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The Aftershocks that Shook the Hearts of Us

July, 2008
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n 2 On May 12th 2008 at 2.28PM in Wenchuan County, Sichuan Province, the earth began to shake. So mercilessly it shook that in three short minutes houses crumbled to dust, schools were reduced to rubble and lives were lost forever. Even thousands of miles away in Shanghai, those in high-rise buildings felt the tremors. Though the students of YCIS did not, the aftershocks shook just as violently in their hearts.

At 2.28PM on May 19th, exactly one week after the earth shook, we bowed our heads for three minutes and joined 1.3 billion Chinese to mourn those that perished in the earthquake. As the sirens blared and horns honked, all students showed an incredible maturity in keeping silent and still. Many shut their eyes and prayed, while the rest bowed their heads in respect.

Even after we returned to classes, we did so with a heavy heart, forcing ourselves to ask a simple, but important question: “Can we do more?”

Jin Lee says yes. “We are enjoying ourselves while they are suffering,” laments the ninth grader, who teamed up with her friend Andromeda Huang to organize a bake sale. They raised 2,000 RMB, which is an impressive amount from selling scrumptious brownies and rice crispy treats for 5 RMB a piece. “We can do something to help those affected by the earthquake, so we thought why not?”

Jin’s sentiment seems to be shared with the student body of YCIS. With numerous students having organized fundraisers for the earthquake, it is obvious that through this tragic event, YCIS students have realized that they can make a difference no matter how small or large. We, as international school students, have shattered the stereotype that we were all born with a silver spoon in our mouths and are therefore too afraid to get our hands dirty.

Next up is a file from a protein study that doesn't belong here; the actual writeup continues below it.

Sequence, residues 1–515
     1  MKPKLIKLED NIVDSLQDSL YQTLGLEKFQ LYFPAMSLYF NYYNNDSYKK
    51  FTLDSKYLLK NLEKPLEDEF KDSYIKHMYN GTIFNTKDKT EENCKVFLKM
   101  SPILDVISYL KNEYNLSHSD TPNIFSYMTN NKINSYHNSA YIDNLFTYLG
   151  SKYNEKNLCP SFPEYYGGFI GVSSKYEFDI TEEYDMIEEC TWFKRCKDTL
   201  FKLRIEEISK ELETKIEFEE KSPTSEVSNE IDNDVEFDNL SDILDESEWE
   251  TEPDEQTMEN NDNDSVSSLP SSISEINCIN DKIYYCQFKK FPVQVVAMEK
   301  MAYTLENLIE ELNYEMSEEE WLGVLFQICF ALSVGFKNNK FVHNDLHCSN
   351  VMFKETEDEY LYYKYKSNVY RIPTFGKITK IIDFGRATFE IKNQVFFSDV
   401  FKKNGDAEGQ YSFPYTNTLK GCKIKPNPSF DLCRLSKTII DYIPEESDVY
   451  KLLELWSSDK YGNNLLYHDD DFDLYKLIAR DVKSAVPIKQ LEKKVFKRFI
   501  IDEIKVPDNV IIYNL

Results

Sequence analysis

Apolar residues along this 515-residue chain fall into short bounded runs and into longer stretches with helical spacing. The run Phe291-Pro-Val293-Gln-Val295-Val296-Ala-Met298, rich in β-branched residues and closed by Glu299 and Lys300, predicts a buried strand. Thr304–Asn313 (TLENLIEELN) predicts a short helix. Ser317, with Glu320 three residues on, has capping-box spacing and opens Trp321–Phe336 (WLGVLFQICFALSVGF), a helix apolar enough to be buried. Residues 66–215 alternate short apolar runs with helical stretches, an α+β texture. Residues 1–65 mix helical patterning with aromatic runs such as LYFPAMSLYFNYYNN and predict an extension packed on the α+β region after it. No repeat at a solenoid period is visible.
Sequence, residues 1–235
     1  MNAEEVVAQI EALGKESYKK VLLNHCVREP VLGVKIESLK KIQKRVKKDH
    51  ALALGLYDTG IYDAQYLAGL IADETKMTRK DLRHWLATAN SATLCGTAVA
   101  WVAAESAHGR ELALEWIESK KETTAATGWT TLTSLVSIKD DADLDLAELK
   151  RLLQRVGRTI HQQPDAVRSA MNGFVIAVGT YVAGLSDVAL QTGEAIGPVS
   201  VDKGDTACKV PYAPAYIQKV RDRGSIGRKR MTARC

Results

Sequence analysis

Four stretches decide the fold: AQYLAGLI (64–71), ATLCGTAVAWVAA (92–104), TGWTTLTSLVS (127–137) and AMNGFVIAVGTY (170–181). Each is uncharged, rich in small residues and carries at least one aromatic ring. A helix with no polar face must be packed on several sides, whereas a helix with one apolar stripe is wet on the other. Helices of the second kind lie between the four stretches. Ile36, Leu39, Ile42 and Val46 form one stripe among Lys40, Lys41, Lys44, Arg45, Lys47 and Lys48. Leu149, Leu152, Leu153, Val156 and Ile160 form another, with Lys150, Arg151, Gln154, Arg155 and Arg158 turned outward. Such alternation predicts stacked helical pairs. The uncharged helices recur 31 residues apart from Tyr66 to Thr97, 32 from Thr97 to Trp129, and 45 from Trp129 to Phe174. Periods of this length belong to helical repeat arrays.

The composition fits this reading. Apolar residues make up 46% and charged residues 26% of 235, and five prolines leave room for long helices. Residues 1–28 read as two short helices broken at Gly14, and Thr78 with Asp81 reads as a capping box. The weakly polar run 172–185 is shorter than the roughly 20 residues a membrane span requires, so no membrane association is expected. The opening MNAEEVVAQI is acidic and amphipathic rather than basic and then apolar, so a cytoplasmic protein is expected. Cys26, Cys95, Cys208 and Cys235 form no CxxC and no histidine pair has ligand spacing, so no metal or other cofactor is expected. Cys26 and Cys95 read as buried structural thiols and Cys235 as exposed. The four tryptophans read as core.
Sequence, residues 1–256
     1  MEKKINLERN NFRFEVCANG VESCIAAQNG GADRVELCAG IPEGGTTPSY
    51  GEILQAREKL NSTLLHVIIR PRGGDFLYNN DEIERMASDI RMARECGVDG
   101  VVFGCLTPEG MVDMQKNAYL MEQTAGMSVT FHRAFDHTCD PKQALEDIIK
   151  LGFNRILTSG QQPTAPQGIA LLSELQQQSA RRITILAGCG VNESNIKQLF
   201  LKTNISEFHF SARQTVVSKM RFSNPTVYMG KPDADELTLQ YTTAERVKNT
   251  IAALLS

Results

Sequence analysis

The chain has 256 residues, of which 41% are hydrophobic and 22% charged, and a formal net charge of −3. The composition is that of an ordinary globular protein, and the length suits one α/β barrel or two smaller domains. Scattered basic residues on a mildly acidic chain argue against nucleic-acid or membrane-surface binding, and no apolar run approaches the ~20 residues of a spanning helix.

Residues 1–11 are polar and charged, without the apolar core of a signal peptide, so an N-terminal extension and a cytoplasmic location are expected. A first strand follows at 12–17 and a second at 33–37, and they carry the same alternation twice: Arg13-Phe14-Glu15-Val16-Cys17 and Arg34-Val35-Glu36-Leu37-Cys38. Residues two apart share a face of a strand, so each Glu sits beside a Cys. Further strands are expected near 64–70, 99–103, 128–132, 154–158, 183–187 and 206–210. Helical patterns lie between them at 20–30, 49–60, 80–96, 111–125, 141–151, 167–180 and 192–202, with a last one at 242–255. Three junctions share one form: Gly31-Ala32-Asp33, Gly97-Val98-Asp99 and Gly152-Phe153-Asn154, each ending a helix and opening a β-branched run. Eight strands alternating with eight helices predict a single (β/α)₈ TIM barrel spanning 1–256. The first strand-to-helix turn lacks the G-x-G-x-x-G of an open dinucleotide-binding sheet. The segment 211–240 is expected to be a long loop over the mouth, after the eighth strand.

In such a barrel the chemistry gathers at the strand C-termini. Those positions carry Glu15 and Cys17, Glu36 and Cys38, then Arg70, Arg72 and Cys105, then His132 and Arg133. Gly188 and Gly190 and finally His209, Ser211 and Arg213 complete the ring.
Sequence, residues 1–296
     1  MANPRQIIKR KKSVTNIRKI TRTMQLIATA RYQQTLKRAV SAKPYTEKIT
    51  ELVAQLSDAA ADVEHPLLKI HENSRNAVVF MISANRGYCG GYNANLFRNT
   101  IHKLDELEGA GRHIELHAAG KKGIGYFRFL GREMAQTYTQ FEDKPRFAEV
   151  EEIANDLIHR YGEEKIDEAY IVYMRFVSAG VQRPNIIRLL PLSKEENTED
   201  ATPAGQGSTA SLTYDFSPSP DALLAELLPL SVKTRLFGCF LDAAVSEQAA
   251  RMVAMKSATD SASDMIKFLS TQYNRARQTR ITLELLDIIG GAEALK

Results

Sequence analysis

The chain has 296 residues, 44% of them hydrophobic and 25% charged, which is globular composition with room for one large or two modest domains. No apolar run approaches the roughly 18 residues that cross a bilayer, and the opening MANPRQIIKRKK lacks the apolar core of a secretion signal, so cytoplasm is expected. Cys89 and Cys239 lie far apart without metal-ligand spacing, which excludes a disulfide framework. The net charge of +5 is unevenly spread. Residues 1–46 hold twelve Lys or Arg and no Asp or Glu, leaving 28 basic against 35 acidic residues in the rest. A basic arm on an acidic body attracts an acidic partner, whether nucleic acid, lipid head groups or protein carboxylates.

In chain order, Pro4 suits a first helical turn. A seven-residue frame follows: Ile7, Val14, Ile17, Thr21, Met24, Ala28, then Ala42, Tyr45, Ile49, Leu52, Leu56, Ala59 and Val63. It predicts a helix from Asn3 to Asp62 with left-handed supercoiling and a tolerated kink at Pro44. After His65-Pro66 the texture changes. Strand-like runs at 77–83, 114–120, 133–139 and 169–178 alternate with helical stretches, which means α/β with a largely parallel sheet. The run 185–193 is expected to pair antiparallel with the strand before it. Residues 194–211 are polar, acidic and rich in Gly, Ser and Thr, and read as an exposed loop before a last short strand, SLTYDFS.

Students proved this stereotype wrong as they got down and dirty in the art room after school and during art class to mould, glaze and paint clay bowls. This was all part of the “Empty Bowls Project.” This project was founded by an American art teacher in the 1990s who decided to fill clay bowls he made with food to get his students to think about others through their art, in this case it was those living in poverty.

Over 300 bowls are expected to be made in YCIS. These bowls were filled with bread and soup on June 13th, when students gathered in school to buy these bowls for a minimum of 100 RMB, with all proceeds going to the relief efforts.

Bread and soup represent simplicity and are the staple foods of the world’s impoverished.

“This project is unique because it isn’t just about giving a donation; the whole thing is a process and allows students to put their hands and hearts into the project. These bowls are made of clay; clay comes from the earth. Therefore, it is very symbolic that the money raised from this project will be helping those affected by the earthquake,” says Dawn Yorke, an art teacher that introduced the Empty Bowls Project to YCIS.